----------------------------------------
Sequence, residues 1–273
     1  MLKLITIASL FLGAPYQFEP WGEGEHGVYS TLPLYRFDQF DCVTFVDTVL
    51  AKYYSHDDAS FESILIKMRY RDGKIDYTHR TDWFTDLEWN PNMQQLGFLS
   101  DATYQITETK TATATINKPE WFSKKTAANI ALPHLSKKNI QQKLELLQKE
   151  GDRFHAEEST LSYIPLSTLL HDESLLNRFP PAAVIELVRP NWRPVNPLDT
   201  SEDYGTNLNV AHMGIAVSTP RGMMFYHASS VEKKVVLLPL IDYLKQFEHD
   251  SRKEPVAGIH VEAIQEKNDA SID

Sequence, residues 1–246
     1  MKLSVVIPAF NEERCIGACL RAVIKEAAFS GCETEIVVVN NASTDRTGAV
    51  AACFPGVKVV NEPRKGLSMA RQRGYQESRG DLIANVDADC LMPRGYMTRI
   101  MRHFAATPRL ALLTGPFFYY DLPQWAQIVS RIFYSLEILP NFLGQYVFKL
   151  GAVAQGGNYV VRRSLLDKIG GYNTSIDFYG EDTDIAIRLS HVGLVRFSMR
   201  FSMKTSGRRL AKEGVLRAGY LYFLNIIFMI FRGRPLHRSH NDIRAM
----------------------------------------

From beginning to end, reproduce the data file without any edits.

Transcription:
Sequence, residues 1–273
     1  MLKLITIASL FLGAPYQFEP WGEGEHGVYS TLPLYRFDQF DCVTFVDTVL
    51  AKYYSHDDAS FESILIKMRY RDGKIDYTHR TDWFTDLEWN PNMQQLGFLS
   101  DATYQITETK TATATINKPE WFSKKTAANI ALPHLSKKNI QQKLELLQKE
   151  GDRFHAEEST LSYIPLSTLL HDESLLNRFP PAAVIELVRP NWRPVNPLDT
   201  SEDYGTNLNV AHMGIAVSTP RGMMFYHASS VEKKVVLLPL IDYLKQFEHD
   251  SRKEPVAGIH VEAIQEKNDA SID

Sequence, residues 1–246
     1  MKLSVVIPAF NEERCIGACL RAVIKEAAFS GCETEIVVVN NASTDRTGAV
    51  AACFPGVKVV NEPRKGLSMA RQRGYQESRG DLIANVDADC LMPRGYMTRI
   101  MRHFAATPRL ALLTGPFFYY DLPQWAQIVS RIFYSLEILP NFLGQYVFKL
   151  GAVAQGGNYV VRRSLLDKIG GYNTSIDFYG EDTDIAIRLS HVGLVRFSMR
   201  FSMKTSGRRL AKEGVLRAGY LYFLNIIFMI FRGRPLHRSH NDIRAM